6 Signs that an Apartment May Not be the Right One for You to Rent
Look and Listen Before You Lease
After a long time looking, you finally found an apartment in your price range. You make an appointment to see the unit, and you like it. But, before you sign a lease or take the keys, it is incumbent upon you to do your own due diligence. That means doing research on the property and neighborhood. It means speaking with the owner or property manager about policies or building conditions that may cause you to re-consider taking the apartment.
1. It Is Being Rented ‘As Is’
Although the apartment looked good, it wasn't fixed up. It looks exactly the way the last tenant must have left it. The landlord tells you it is being rented 'as is'.
If the owner isn’t interested in giving you an apartment that has been cleaned, painted and repaired, he is showing you the value he places on his property and on you as a tenant. If you add apartment equipment that doesn’t work, and you have an owner that isn’t willing to invest his money or maintain the apartment after you move in, you will be in a pickle . You will have to clean it, fix it up, and paint it yourself. All you will get for your rent and the security deposit from the landlord is a key.
2. You are Urged to Make Your Own Repairs
There are people who don’t mind making their own repairs. Handyman types like to have the chance to fix the apartment to their own liking. Still, it’s done at their own expense. Most people rent an apartment specifically because they don’t want the burden or expense of maintaining where they live. That is why they rent instead of own.
Tenant paid work becomes an addition to the rent. It’s also money the owner doesn’t have to pay on the unit. Try to get the landlord to at least pay for the paint and painting supplies. apartment maintenance
3. The Building is in Disrepair
If the entry way and hallways are in disrepair, express your concern to the manager or rental agent about the condition of the building. Especially if it looks like it would barely meet the minimal building inspection codes. The owner or property manager may tell you there are plans to fix it up in the next thirty or sixty days. Ask yourself these questions: Do you believe him? Are you willing to wait? What will or can you do if it doesn’t happen after you move in?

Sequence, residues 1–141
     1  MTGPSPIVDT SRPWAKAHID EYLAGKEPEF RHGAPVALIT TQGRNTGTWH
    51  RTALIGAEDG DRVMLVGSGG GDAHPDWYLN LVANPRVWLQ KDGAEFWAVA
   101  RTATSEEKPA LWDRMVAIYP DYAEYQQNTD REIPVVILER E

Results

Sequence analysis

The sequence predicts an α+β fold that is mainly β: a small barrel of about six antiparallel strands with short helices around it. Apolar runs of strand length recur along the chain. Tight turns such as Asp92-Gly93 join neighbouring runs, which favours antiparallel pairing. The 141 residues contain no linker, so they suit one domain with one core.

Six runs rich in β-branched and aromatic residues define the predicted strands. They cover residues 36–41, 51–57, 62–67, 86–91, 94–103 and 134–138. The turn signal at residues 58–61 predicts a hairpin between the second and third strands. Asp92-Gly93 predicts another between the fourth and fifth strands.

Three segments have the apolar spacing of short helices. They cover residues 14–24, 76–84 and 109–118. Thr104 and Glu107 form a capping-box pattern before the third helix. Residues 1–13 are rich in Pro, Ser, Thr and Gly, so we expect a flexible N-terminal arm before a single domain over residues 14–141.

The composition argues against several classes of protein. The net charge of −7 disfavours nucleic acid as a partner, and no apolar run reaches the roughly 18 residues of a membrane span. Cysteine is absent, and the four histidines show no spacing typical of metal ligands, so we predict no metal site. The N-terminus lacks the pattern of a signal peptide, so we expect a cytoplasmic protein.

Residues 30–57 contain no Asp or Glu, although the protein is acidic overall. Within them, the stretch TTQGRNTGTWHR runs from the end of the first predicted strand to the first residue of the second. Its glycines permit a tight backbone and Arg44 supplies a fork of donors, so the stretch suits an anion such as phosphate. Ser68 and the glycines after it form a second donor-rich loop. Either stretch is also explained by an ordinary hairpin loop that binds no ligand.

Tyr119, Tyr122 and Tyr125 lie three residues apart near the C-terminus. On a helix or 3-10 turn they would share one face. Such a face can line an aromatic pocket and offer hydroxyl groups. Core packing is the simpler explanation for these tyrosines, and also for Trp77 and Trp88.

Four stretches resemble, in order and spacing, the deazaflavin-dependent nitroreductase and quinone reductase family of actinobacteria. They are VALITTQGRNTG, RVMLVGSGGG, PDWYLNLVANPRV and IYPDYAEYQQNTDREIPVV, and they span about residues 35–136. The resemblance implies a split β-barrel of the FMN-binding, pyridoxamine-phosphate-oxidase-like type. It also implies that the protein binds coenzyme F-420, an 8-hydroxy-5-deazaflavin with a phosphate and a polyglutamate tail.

4. The Neighborhood is Run-Down
The rent is reasonable because of where the property is located. Many of the houses on the street are in poor condition. There is lots of automobile traffic on the street, especially at night. Visit the apartment building after hours to see what the nightlife is like at the building and on the street. Some of the streetlights are out. You check with the local police and learn there is evidence of serious crimes, prostitution, and apartment break-ins, including some in the building where the apartment is located. Is the rent still reasonable to you after seeing the neighborhood problems?
5. Oppressive Rental Policies
Ask to read the lease in advance of signing it for clauses you find repressive. Look for fees that are not included in the rent such as property maintenance fees for extra services, such as snow removal and lawn care. Visitors can’t stay more than five days at a time, excessive pet fees, etc.
6. No Quiet Enjoyment in the Building
Pay attention to a noisy building. Kids running around in the building day and night, constant loud music from the other apartments, tenants arguing with each other all the time, police sirens up and down the streets. All of these types of distractions will disturb your quiet use of the apartment.
Pay attention to these signs. In the final analysis, if you don’t feel comfortable with the apartment or the building, don’t take it. Don’t allow the owner or property manager to talk you into renting there. Wait until you find an apartment that is compatible with your perceived use. It’s your life, money, and quiet enjoyment of your living quarters that are at stake.